Red Lights in the French Quarter

July 31, 2012
Although many people have heard of the infamous vice district called Storyville, established in 1898 by an act of the New Orleans City Council, few realize that it was not in the French Quarter. Storyville was in fact just outside the French Quarter, in the area bounded by Basin, Customhouse (as Iberville was once called), Robertson and St. Louis Streets. Still, the French Quarter has seen more than its share of prostitution throughout its history - beginning long before the creation of Storyville and continuing long after the district's official closing in 1917.

From the earliest days of colonial New Orleans, the city was plagued with lewd and abandoned women, often sent from the prisons of Paris in a perhaps misguided effort to provide male colonists with wives. In his oft-reprinted 1936 book, The French Quarter: An Informal History of the New Orleans Underworld (Alfred A. Knopf), Herbert Asbury makes the claim that by 1870 there were few blocks in New Orleans, except in the outer fringes of the city, that did not contain at least one brothel or assignation house. This may or may not be true, but there is no doubt that several areas in the French Quarter have a strong historical association with vice, and there are some red-light sites from yesteryear that visitors can see today.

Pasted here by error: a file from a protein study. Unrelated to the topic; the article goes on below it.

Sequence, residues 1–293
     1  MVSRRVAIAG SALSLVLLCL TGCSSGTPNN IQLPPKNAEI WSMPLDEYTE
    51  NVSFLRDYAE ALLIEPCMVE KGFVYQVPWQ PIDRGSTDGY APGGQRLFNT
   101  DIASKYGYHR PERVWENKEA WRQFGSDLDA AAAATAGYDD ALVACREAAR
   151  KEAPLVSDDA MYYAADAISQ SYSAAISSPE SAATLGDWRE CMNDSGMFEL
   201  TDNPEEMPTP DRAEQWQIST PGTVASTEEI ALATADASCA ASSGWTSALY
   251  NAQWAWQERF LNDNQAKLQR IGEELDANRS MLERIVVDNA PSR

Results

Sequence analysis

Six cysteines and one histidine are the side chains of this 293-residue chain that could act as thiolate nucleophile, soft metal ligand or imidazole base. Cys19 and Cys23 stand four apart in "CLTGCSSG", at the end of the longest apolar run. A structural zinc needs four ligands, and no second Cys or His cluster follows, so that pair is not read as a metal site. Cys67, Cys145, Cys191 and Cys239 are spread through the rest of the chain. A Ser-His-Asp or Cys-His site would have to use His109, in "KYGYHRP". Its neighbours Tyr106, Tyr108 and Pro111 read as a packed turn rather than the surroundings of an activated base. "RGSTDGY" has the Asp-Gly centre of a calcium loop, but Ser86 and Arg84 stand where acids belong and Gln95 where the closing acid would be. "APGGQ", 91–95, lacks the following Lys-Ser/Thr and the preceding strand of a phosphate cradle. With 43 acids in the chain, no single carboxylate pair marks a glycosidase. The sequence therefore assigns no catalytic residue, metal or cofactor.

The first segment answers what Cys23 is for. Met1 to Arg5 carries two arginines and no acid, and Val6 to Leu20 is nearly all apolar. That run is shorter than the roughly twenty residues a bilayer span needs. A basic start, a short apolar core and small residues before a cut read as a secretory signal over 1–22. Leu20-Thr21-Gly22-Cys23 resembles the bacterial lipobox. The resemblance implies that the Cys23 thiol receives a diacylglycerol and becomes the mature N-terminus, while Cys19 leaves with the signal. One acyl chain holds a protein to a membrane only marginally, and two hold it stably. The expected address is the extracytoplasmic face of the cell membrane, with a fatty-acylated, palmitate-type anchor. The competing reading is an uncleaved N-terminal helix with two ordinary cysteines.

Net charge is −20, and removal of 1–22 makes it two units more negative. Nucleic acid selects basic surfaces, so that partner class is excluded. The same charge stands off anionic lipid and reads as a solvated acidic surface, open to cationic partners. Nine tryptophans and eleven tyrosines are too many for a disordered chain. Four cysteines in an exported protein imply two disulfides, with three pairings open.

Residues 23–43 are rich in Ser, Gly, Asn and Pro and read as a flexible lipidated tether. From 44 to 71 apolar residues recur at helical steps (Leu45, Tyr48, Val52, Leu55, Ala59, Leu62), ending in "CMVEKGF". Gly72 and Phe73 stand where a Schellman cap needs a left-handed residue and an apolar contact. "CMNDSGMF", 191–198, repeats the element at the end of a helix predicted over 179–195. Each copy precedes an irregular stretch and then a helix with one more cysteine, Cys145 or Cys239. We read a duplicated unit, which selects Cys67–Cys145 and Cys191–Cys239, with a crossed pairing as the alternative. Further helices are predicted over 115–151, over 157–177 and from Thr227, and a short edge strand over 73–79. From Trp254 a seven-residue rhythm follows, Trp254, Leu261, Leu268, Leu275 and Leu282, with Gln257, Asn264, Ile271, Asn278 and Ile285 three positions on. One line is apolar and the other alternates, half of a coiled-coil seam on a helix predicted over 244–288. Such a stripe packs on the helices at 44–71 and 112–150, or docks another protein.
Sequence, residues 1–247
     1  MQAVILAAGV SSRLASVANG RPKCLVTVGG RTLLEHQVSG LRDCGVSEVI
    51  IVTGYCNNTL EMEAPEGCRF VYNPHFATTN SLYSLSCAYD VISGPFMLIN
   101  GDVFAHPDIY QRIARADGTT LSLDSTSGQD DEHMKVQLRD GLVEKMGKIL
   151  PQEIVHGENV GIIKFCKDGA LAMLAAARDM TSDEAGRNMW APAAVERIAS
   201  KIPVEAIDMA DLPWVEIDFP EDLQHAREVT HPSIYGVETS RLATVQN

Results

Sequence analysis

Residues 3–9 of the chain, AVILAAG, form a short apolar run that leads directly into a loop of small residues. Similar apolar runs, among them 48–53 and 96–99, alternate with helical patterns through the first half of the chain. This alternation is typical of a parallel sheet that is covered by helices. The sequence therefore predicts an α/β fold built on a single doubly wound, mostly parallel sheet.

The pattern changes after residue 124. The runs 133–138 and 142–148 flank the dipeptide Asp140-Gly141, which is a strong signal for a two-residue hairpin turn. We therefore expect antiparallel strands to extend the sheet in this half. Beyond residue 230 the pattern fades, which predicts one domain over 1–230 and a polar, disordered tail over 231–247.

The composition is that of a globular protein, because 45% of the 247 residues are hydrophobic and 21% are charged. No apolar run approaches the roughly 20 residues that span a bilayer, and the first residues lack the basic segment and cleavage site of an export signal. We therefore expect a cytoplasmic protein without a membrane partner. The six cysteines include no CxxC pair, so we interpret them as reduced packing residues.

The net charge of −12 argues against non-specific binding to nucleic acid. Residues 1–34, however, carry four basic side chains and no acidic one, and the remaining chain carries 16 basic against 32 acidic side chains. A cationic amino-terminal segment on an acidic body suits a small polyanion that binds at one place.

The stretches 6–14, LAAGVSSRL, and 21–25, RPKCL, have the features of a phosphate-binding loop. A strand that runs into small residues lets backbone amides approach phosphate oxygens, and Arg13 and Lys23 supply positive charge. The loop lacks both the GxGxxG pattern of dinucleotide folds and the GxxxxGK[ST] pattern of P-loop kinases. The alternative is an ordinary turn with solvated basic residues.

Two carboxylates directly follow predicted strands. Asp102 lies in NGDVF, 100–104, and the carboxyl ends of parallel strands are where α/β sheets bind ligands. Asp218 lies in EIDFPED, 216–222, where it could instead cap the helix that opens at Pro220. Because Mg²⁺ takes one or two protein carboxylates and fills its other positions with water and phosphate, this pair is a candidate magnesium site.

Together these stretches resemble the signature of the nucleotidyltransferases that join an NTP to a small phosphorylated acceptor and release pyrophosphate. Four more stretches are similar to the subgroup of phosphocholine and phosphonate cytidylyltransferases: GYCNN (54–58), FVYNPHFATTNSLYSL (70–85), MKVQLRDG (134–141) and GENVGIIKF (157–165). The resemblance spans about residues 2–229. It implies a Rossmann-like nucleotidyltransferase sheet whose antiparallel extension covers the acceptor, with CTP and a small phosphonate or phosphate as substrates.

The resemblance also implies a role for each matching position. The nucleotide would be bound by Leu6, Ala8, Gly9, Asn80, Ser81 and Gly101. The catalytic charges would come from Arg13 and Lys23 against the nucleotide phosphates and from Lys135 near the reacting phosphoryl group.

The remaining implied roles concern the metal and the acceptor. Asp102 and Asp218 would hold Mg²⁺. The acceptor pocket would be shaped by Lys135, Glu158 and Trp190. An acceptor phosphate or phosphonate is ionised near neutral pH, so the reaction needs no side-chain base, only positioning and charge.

French Market Place, a two-block-long street now occupied by curio and clothing shops, bars and restaurants, was once notorious throughout the country as Gallatin Alley, crowded with riverfront gin mills, bordellos, dance halls and sailors' boarding houses. From about 1840 through the mid-1870s, it operated as the most vicious underworld area in New Orleans, providing a haven for fugitives from the laws of several countries. Thieves, thugs, pimps, drug dealers, drunkards, whores and murderers could be found among its ever-changing population. Passions and tempers ran high in this sordid district, and trivial conflict often produced fatal consequences.

Dance houses typically were two- or three-story buildings with upper floors divided into small rooms, or "cribs," rented on a nightly or weekly basis to women who were not paid by the proprietor; they were expected to make their money by soliciting customers and stealing from them. Most of the women were adept pickpockets and had no qualms about using force against drunken or otherwise incapacitated victims. Among the more noteworthy harlots of Gallatin Alley were Mary Jane "Bricktop" Jackson, said to have killed four men and stabbed numerous others; the brawling America Williams, who stood nearly 6-feet tall; and the violent Delia Swift (alias Bridget Fury), who, like Bricktop, could boast her own string of lethal entanglements.